Errors Common in Epinephrine Use for Pediatric Anaphylaxis

By Scott Baltic

December 17, 2019

NEW YORK (Reuters Health) - At least one medication error occurred in two-thirds of epinephrine administrations for simulated pediatric anaphylaxis, even in academic pediatric hospitals, a new international study has found.

The errors encompassed high rates of both prescribing errors and mistakes in epinephrine administration, researchers report in The Journal of Allergy and Clinical Immunology: In Practice.

Neither the use of epinephrine autoinjectors (EAIs) nor the presence of an anaphylaxis guideline - both of which were uncommon - was associated with reduced likelihood of errors. The only significant protective factor against preparation and administration errors was the presence of a nurse with previous experience giving epinephrine for anaphylaxis.

"The risk for anaphylaxis is on the rise," Dr. Tensing Maa of Nationwide Children's Hospital and Ohio State University College of Medicine, in Columbus, who worked on the study, told Reuters Health by email. "Our hope is for clinicians to have increased awareness of the epinephrine errors that can occur during management of pediatric anaphylaxis, even by well-trained healthcare teams."

The study was performed at 28 healthcare institutions, mostly pediatric, in 16 U.S. states and in Israel, Lebanon, Spain, Germany and New Zealand. In the simulated anaphylaxis scenario, the medical team on duty was called for a 5-year-old, weighing 20 kg and with a history of peanut and drug allergies, who had an anaphylactic reaction after receiving an IV medication. The patient simulator manikin had an IV catheter in place at the start of the simulation.

In all simulations, teams included at least one nurse and one practitioner (physician or advanced-practice nurse).

At least one error was made in 25 (68%) of 37 simulations. The most common errors were failure to specify the administration site (the vastus lateralis muscle), preparing an incorrect dose, ordering an incorrect dose, ordering an incorrect epinephrine concentration, preparing an incorrect concentration and ordering IV administration.

Five "near misses" occurred when a prescribing error was caught before it reached the patient.

EAI was used in only five (14%) of 37 total simulations, in part because only 17 (46%) of the simulations reported even having an EAI available at their institution.

Possibly because of the small number of institutions using EAIs, the researchers could not identify a statistically significant difference in error rates compared with manually prepared epinephrine injection (EI).

The authors nonetheless noted that "EAI use was associated with an almost 3-minute reduction in the median time to administer epinephrine compared to the median time of 4.4 minutes to administration of EI. This delay in treatment is concerning as anaphylaxis can lead to death in less than five minutes."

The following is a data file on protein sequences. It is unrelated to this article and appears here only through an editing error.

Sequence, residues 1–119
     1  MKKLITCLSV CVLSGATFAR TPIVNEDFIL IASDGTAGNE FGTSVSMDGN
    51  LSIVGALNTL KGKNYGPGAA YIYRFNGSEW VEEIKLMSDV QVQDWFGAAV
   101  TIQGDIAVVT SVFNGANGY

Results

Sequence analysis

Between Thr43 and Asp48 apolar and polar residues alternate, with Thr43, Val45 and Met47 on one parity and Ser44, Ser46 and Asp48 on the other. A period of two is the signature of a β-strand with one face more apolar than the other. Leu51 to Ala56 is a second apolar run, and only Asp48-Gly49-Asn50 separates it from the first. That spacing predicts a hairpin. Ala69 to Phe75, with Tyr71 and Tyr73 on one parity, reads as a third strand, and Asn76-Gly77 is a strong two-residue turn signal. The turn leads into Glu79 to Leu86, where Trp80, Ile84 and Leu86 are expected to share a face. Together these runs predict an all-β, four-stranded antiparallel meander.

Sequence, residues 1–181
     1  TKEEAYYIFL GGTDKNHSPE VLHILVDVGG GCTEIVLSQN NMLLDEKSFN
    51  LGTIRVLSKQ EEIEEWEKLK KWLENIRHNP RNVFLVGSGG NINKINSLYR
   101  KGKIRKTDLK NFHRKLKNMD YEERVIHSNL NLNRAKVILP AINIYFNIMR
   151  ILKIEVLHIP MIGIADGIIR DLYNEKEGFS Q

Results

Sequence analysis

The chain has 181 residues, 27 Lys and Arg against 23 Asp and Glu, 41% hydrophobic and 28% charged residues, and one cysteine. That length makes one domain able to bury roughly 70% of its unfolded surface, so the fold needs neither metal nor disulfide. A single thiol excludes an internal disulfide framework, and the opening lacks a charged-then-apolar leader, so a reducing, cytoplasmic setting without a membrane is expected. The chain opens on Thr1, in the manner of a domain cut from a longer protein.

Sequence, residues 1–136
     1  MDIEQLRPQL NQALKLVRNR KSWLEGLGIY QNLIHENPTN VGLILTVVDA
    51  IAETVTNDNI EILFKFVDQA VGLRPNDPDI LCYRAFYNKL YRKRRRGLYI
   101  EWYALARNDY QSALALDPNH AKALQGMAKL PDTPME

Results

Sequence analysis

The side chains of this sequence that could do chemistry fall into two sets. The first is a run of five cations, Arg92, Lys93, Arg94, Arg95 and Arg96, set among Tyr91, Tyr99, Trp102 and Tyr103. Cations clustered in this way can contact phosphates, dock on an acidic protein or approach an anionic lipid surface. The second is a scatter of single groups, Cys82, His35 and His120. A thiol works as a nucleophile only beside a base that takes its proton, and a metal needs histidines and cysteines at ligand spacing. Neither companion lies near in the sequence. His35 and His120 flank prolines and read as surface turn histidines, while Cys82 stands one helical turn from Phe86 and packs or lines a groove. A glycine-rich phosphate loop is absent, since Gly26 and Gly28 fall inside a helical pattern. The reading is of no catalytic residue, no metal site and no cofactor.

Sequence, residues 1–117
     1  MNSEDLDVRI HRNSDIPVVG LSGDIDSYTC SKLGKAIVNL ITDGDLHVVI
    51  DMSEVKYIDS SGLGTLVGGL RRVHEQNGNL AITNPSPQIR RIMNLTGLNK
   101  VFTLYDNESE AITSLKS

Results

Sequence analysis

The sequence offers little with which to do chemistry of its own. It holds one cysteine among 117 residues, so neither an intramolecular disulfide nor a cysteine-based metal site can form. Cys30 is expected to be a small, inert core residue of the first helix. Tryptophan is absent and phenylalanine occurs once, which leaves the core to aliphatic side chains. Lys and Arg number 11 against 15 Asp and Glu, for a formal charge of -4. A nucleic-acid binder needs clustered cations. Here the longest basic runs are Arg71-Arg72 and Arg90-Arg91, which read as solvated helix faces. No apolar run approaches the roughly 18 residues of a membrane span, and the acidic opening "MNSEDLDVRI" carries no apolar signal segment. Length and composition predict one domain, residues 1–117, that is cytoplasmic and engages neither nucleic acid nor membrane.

During the simulation scenarios, 11 sites identified one or more safety hazards, most commonly an issue with a cognitive aid (e.g., checklist or flowchart), such as missing anaphylaxis dosing or conflicting dosing recommendations. Additionally, fewer than half of the institutions had an anaphylaxis protocol.

"The errors noted in this cohort pose a significant potential for harm due to the narrow therapeutic index and systemic cardiovascular side effects of epinephrine," the authors conclude. They recommend creation of a written protocol for anaphylaxis and regular review of cognitive aids for accuracy and accessibility.

One source of confusion about epinephrine, Dr. Maa said, is that its two emergency uses are quite different.

For cardiovascular resuscitation, a more dilute form is administered via rapid intravenous push, while for treating anaphylaxis, a more concentrated form is administered intramuscularly. "The familiar algorithms and cognitive aids are more focused on cardiovascular resuscitation than anaphylaxis," Dr. Maa explained.

"I don't think the take-home point is that cognitive aids don't help," she added. "Rather there was low usage of them, and many sites that did use them reported a problem with the usability or design of their cognitive aid."

Dr. Maa encouraged clinicians to review the paper's table of safety hazards to see if any apply to their institutions and then consider whether these hazards can be mitigated.

Dr. Michael Bernard Cohen of Boston University School of Medicine, who has reviewed the research on hazards related to the use of epinephrine for anaphylaxis, called this "a very valuable paper, as it builds on prior literature about the lack of availability of epinephrine in auto-injector formats as well as uncertainty about proper administration. Doing this in a simulation setting is a novel and exciting idea, since as the authors point out it is not safe do to this in a randomized controlled setting."

Highlighting the finding that errors were identified on cognitive aids themselves, Dr. Cohen, who was not involved in the study, told Reuters Health by email, "this demonstrates a need for well-designed cognitive aids specifically for anaphylaxis, and ideally some sort of anaphylaxis kit, stocked with both adult and pediatric epinephrine autoinjectors."

SOURCE: The Journal of Allergy and Clinical Immunology: In Practice, online November 23, 2019.